On behalf of Fairchild Employment Law | October 18, 2022 | California Leave Laws
California has added Labor Code section 1193 that prohibits an employer from “tak[ing] or threaten[ing] adverse action against any employee for refusing to report to, or leaving, a workplace or worksite within the affected area because the employee has a reasonable belief that the workplace or worksite is unsafe” in the event of an emergency condition. The new law becomes effective January 1, 2023.
SB 1044 defines “state of emergency” as the existence of any of the following in the county where a worker lives or works, and poses an imminent and ongoing risk of harm to the worker, the worker’s home, or the worker’s workplace:
- A presidential declaration of a major disaster or emergency, caused by natural forces.
- A declared state of emergency or local emergency due to conditions of disaster or extreme peril to the safety of persons or property within the affected area caused by natural forces.
- A federal, state, regional, or county alert of imminent threat to life or property due to a natural disaster or emergency.
SB 1044 also permits employees to walk off the job in an “emergency condition,” which means the existence of either of the following:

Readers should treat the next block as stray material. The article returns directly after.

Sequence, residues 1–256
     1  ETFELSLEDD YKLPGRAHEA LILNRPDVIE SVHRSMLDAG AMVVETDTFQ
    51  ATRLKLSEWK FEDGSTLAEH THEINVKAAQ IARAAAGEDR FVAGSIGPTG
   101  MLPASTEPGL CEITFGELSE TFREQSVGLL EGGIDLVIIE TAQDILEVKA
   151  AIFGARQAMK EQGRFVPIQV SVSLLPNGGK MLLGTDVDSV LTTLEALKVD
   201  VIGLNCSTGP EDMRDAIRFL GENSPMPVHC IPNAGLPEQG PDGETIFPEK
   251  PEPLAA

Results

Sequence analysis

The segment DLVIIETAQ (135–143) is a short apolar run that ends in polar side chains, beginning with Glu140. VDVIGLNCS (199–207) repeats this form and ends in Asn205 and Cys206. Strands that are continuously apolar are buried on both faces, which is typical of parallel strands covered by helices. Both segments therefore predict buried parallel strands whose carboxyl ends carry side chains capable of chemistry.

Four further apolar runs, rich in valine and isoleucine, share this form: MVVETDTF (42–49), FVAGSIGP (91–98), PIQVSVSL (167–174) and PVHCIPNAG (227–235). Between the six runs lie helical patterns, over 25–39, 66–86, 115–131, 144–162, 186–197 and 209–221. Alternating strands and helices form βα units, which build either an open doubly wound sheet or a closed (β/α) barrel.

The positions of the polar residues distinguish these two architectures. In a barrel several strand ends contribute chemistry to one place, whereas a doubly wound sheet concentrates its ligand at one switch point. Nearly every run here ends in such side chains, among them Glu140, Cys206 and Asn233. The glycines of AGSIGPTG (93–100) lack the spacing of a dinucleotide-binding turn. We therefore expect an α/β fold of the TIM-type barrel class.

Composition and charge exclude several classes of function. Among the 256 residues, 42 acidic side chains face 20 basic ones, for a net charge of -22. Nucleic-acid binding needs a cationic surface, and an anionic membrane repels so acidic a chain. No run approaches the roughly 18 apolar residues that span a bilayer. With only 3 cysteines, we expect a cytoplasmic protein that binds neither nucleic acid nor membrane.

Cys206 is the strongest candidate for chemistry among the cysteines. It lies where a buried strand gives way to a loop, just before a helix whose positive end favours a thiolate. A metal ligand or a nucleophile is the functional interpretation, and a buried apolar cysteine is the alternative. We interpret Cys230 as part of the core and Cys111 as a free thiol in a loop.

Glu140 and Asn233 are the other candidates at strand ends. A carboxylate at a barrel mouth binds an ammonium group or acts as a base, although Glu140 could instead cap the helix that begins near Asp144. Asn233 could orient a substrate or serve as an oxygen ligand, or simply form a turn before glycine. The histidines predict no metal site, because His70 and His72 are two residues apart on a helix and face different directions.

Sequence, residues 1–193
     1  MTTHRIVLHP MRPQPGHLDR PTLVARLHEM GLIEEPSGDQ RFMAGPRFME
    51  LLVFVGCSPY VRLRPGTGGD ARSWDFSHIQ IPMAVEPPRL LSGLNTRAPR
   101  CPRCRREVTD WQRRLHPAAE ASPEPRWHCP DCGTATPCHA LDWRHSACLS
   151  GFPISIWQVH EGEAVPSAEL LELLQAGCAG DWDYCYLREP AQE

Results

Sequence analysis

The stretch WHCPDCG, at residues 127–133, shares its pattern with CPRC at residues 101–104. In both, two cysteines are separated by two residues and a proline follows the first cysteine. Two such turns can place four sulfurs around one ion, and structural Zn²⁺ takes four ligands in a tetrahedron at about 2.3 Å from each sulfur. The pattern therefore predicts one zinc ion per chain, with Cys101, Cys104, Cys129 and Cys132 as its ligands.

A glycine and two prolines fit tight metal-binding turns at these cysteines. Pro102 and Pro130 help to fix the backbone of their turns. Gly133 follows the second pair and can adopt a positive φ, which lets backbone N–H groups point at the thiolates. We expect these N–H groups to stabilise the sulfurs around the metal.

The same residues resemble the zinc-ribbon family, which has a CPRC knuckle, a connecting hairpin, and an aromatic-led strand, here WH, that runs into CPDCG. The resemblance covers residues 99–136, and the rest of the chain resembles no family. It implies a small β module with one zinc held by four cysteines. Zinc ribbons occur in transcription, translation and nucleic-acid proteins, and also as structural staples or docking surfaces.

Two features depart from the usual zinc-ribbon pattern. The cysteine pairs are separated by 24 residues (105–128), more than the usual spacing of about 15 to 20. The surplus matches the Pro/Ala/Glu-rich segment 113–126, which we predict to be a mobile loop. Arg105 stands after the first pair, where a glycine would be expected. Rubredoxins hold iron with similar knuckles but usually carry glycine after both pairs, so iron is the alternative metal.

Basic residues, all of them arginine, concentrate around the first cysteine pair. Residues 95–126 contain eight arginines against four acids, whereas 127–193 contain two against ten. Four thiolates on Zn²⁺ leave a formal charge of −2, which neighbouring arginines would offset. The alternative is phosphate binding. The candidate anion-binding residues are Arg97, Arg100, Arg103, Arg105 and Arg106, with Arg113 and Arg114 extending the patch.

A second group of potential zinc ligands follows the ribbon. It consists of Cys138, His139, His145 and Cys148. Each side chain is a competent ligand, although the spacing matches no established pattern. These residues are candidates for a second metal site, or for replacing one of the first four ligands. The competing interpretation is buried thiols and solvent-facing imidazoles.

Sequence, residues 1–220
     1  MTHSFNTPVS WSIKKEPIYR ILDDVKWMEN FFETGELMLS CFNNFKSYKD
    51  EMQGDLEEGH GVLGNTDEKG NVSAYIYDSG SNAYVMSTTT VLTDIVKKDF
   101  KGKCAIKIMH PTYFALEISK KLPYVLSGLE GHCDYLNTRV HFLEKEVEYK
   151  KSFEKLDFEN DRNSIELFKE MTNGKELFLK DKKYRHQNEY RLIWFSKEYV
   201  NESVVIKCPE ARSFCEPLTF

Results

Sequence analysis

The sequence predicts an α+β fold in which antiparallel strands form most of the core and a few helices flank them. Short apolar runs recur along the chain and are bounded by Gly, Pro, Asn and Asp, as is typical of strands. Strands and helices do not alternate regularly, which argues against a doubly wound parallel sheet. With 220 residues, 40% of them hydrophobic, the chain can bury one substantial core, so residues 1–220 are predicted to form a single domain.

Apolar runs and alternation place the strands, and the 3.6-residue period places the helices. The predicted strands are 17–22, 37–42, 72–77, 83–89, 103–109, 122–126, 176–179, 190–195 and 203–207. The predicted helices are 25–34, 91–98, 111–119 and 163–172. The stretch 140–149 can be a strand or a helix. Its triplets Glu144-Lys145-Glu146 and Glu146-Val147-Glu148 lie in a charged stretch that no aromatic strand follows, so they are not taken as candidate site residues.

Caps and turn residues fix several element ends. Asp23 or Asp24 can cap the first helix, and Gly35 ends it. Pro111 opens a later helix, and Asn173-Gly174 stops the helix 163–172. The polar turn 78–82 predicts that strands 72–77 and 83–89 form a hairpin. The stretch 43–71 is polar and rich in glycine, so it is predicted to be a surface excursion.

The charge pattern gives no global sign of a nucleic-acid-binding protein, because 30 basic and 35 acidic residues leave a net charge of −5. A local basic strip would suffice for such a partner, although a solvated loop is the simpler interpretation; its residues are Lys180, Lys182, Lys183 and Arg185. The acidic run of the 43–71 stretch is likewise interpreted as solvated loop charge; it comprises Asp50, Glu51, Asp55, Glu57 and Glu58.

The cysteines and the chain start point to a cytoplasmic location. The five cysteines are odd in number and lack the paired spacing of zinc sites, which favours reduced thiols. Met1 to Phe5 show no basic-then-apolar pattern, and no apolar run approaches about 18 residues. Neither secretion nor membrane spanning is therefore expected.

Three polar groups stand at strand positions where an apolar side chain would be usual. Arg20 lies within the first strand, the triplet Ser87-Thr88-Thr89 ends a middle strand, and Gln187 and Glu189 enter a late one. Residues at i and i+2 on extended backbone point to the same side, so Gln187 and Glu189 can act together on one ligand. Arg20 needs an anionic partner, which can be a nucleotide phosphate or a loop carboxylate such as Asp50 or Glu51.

- An event that poses serious danger to the structure of a workplace or to a worker’s immediate health and safety.
- An order to evacuate a workplace, a worker’s home, or the school of a worker’s child.
Employers may not take or threaten any adverse action against an employee for refusing to report or leaving a workplace or worksite within an affected area because the employee has a reasonable belief that the workplace or worksite is unsafe. The statute does not apply to certain specified workers, including but not limited to first responders and employees who provide direct patient care at a health care facility.
Additionally, Labor Code section 1193 prohibits employers from preventing employees “from accessing [their] mobile device or other communications device for seeking emergency assistance, assessing the safety of the situation, or communicating with a person to verify their safety.”
Employers may require that, “when feasible, an employee shall notify the employer of the emergency condition requiring the employee to leave or refuse to report to the workplace or worksite prior to leaving or refusing to report.” These provisions are “not intended to apply when emergency conditions that pose an imminent and ongoing risk of harm to the workplace, the worksite, the worker, or the worker’s home have ceased.”